I wonder how long it takes for what you eat to turn into fat. Like if I eat a really big meal, HUGE, 10,000 calories, when will that fat show up? That was one of the questions my sisters posed last week when we were talking on the phone. I know. Talking on the phone. Like cavemen. It was so retro.
I wasn’t sure if this question was hypothetical or if she was currently sitting in front of 12 Big Macs with plans to wear a non-stretch bodysuit tomorrow hanging in the balance.
I said, You mean once you eat, how long before you can’t stretch denim over your thighs anymore? I dunno. It takes 24 hours to digest food or something like that and I guess that’s when it would take out the calories it needs and vitamins and stuff but … I don’t know. And what about calories? I mean, eating fat I can understand. It’s already fat so it must just frantically grab onto something as it slides through your body and not let go. That way it just becomes a part of another blob of fat in your body. But calories from, say sugar, do they have to go through some sort of fat bootcamp to become fat? I can’t believe I’ve never worried about this before.
We exhausted the discussion at that point and went on to talk about other pertinent topics of the day like whether or not stirrup pants should ever make a comeback.
But after we hung up I couldn’t stop wondering about the whole fat thing. How long does it take for that donut to turn into a muffin top?
It’s a lot sooner than you probably think.
I did a lot of reading and a lot of researching and it made my head spin, which is good because spinning burns calories. I’ve tried to condense everything into an easy to understand timeline on the cycle of calories and fat.
HOW LONG IT TAKES A CALORIE TO TURN INTO FAT
This is an incredibly basic explanation of it all.
7:00 a.m. You wake up, have a black coffee then end up working and running around the rest of the day without eating anything.
6:00 p.m. You haven’t eaten a thing so you have zero calories in you. You scarf down a BIG meal. A Big Mac Meal with large fries, 6 chicken McNuggets and a chocolate shake. Mmmmm. That’s 1850 calories.
10:00 p.m. Your body starts storing the first 1,000 calories from that meal to use as immediate reserves that your body can quickly access when it needs energy. Those first 1,000 calories are stored in your liver and muscle immediately. These are called glycogen calories. The other 850 are extras you don’t need immediately so the body turns THOSE calories into fat cells known as triglycerides. This all starts happening after 4 hours.
Your meal was 1850 calories. A pound of fat is made up of 3,500 calories. That means technically you have just stored enough calories for 1/2 pound of fat.
10:01 p.m. You’re now freaking out because you know you just gained half a pound in 4 hours. Calm down. It’s only there temporarily and only part of it becomes fat.
10:02 p.m. The first 1,000 glycogen calories of that Big Mac meal start being used immediately as energy for your body even if you don’t feel like you’re doing anything. Your body burns those calories just to lift your arm, beat your heart, or roll over in your sleep. In fact, just being a human being means you’re going to burn 1,000 – 1,500 calories in a day even if all you do is lay in bed.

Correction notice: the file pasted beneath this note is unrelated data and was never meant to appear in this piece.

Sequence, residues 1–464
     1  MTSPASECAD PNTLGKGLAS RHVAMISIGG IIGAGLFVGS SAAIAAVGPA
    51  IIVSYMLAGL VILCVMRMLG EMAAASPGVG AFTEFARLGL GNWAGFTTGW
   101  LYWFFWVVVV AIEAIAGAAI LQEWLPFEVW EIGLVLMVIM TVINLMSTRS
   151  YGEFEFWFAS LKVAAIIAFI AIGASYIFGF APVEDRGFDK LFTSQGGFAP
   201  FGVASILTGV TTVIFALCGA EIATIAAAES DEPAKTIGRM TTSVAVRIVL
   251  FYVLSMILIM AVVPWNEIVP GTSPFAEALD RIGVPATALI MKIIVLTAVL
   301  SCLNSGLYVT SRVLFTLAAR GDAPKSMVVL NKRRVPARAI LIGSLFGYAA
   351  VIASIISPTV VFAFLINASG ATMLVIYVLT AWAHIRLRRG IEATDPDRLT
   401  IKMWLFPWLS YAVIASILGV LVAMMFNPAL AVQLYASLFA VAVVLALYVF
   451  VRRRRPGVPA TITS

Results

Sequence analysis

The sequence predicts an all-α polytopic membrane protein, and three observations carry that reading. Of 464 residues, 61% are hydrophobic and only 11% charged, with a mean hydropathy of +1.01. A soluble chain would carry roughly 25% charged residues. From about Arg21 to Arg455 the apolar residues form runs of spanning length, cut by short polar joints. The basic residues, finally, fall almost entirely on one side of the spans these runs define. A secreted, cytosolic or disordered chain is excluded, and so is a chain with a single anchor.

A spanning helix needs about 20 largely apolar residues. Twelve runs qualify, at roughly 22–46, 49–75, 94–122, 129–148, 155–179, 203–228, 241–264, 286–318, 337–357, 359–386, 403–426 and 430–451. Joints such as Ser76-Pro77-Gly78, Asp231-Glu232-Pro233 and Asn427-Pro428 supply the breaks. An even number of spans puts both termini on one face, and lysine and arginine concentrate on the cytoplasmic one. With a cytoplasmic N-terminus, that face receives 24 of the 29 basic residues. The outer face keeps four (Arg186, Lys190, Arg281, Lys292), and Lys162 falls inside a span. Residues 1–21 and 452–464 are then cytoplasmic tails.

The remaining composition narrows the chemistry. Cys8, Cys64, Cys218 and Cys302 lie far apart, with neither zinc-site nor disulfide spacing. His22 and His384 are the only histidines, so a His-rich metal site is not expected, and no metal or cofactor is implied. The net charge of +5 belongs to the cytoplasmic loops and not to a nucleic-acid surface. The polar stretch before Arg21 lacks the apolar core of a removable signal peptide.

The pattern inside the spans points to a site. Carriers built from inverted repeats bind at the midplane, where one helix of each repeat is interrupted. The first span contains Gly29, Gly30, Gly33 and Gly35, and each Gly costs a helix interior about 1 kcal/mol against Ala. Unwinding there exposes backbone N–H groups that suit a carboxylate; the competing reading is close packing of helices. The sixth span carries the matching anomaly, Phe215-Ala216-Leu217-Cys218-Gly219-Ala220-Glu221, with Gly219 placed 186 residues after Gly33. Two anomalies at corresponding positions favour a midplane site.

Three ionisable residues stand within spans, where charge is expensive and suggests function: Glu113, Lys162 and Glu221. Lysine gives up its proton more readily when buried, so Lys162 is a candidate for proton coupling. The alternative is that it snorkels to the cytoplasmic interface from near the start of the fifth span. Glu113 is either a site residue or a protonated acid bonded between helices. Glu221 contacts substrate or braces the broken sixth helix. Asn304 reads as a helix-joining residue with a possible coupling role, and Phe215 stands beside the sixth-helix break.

10:15 p.m. You decide you will indeed lay in bed for the rest of your life because what’s the point. So you’re going to burn 1,500 calories doing nothing! Yay! But what about those 850 calories you ate over and above what your body will naturally burn? They have indeed already turned into fat. 1/4 of a pound. Or 8 Tablespoons of fat. If you don’t exercise, move more, do STUFF to get rid of those fat calories that immediately plastered themselves to your gut, they’re staying with you. O.K. You decide you won’t spend the rest of your days laying in bed.
8:00 a.m. You slept all night, you get up and start the laundry going, you go for a run and mid run your 1,000 calorie reserve is gone so your body needs to go into the 850 calories it turned into fat last night. At that moment, you start burning fat. If you didn’t go for a run or do something that burns a lot of calories, you wouldn’t get into the phase where you burn fat cells. Booooo.
9:30 a.m. You eat breakfast and it all starts over again, building up your reserve of 1,000 calories. If your breakfast is 1,000 calories that means your body will burn off those easy to get to 1,000 glycogen calories before anything else. They’re easy access. But if you only eat a 300 calorie breakfast, your body will burn those 300 calories and then will be forced to get its energy from those fat cell triglyceride calories that are otherwise known as ass fat.
That’s the long answer.
The short answer is your calories start the process of turning into fat as soon as 4 hours after eating them. But it would take a couple of weeks of eating too many calories for that fat to show up in a meaningful way. In a muffin top way. An extra 850 calories a day for two weeks without adding any exercise to your daily routine will mean at the end of 2 weeks you’ll have gained 1/4 pound of fat every day for 14 days. In two weeks you’ve gained 3.5 pounds. Think it’d be hard to eat an extra 850 calories every day? That’s half of a large bag of potato chips.
And that is the story of why I can’t buy potato chips anymore.
I’m going to be spending a lot more time paying attention to the activity monitor on my Apple Watch now that I actually really understand it. The Apple Watch and the less expensive Fitbit both count your “active calories” burned. Those are the calories you’ve burned over and above what you’re already burning just being a living human. So if you pay attention to when you … overindulge … you can bump up your activity level the following days and easily track it on your watch. It really does work. I mean if you try.
O.K. now that I have an answer to her question, I have a phone call to make.